Run, run, run the ball – and forget about the pass: No passing offense from the last 15 Big Ten champions ranked nationally within the top 35, but 11 of the champs’ rushing offenses ranked within the top 30. Let that sink in for a moment, because that’s quite a contrast. As a matter of fact, more than half the time, the B1G champion's passing game wasn’t even above average, as it ranked below No. 60. So, to win that title, forget the air – it’s all about the ground.

Defense > offense: Apparently there’s some truth to the saying that “defense wins championships,” at least in the Big Ten, where defense appears to be much more important. It’s not that above-average offenses were rare; they weren’t. But the median champion’s total offense was ranked No. 46 nationally. The total defense? No. 12. One-third of champions’ defenses were ranked within the top five and 13 of 15 were ranked within the top 20. No team that won an outright championship finished worse than No. 15 in total defense or No. 17 in scoring defense.

Control the turnover battle – and the clock: This one shouldn’t come as a shock, but it was surprising to see the extent of just how important these two elements were. Only two champs – Ohio State in 2005 and 2007 – were able to win a title without a positive turnover margin. More than half of the champs (8 of 15) ranked nationally within the top 15 of turnover differential. In time of possession, every Big Ten title winner has controlled the clock since 2006. Is that a coincidence? You be the judge. But, since 2007, all but one champ has also ranked within the top 25 nationally by averaging more than 31 minutes, 30 seconds of possession each game.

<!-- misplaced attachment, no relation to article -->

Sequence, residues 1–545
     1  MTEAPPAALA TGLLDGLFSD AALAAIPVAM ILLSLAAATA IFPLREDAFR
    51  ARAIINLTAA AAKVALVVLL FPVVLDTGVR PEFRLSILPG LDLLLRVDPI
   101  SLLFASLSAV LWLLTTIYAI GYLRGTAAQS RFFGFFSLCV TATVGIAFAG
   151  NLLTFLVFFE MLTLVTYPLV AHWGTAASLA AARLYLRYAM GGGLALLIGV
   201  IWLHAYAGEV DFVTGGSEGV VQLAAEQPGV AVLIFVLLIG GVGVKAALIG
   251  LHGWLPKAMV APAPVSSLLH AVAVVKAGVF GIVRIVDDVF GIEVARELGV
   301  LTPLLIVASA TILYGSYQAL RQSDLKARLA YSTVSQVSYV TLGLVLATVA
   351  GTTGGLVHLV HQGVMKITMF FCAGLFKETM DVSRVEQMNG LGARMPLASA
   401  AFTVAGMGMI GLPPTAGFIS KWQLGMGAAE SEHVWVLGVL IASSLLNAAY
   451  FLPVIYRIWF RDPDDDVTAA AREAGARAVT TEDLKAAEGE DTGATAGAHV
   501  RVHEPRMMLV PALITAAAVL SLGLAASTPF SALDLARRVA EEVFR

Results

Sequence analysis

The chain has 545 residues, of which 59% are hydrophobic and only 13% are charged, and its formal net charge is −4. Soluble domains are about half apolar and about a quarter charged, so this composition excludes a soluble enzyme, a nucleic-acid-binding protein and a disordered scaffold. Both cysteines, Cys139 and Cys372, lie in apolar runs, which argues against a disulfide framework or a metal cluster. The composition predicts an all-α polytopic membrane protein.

Run defense > pass defense: If you continue the logic of that first bolded point, this makes sense. If championship teams are defined by great rushing games, it stands to reason that great rush defenses are paramount to counter that. The numbers bear that out; in the Big Ten, a strong front seven seems to trump a strong secondary any day. Eight Big Ten champs had rushing defenses that rank within the top 10 nationally, while half that number could say the same about their pass defense. Again, that’s not to say pass defenses aren’t important. But of the last 15 Big Ten champs, 12 had a better run defense than pass defense, and two of those had both their pass and run defenses rank within six spots of one another. Wisconsin’s 2011 team was the lone statistical anomaly; it ranked No. 60 in run defense and No. 4 in pass defense.

Big Ten lunch links

July, 8, 2014
Jul 8
12:00
PM ET
Happy Video Games Day. If anybody needs me, I'll be in front of a Galaga machine.
 
LAKE OSWEGO, Ore. -- There was plenty of recruiting news that came out of Monday's reporting day for The Opening. One of the prospects who shared the latest was ESPN 300 No. 39 Malik Jefferson.


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If you want accurate predictions on the 2014 college football season, you could comb the various preseason magazines. You could read expert takes on the Internet (ahem). Or you could go with the Vegas sharps who get paid to know these sorts of things.

I'm always going to look long and hard at the oddsmakers' choices. And Bovada has released its odds for national, Big Ten and league division championships, so let's examine.

The bookmaker sees Ohio State as the Big Ten's top College Football Playoff threat, giving the Buckeyes 10-to-1 odds to win the national championship. That's No. 5 among all teams, behind defending champion Florida State (11-to-2), Alabama (6-to-1), Oregon (8-to-1) and Auburn (9-to-1).

Michigan State checks in as the league's second choice at 25-to-1, tied for 10th among all teams. Wisconsin is next for the Big Ten at 33-to-1, followed by Michigan and Nebraska at 50-to-1 and Iowa at 100-to-1. Rutgers is 1,000-to-1, if any Scarlet Knights fans are feeling lucky.

Ohio State is officially the odds-on favorite to win the Big Ten title at 1-to-1. It's interesting that the Buckeyes are such favorites despite so many question marks, including offensive line, running back, receiver and defensive back seven. But the faith in Urban Meyer is strong.

Michigan State and Wisconsin are tied as the second choice at 9-to-2, followed by Nebraska at 5-to-1. Other teams' odds to win the Big Ten championship (Penn State, obviously, is ineligible):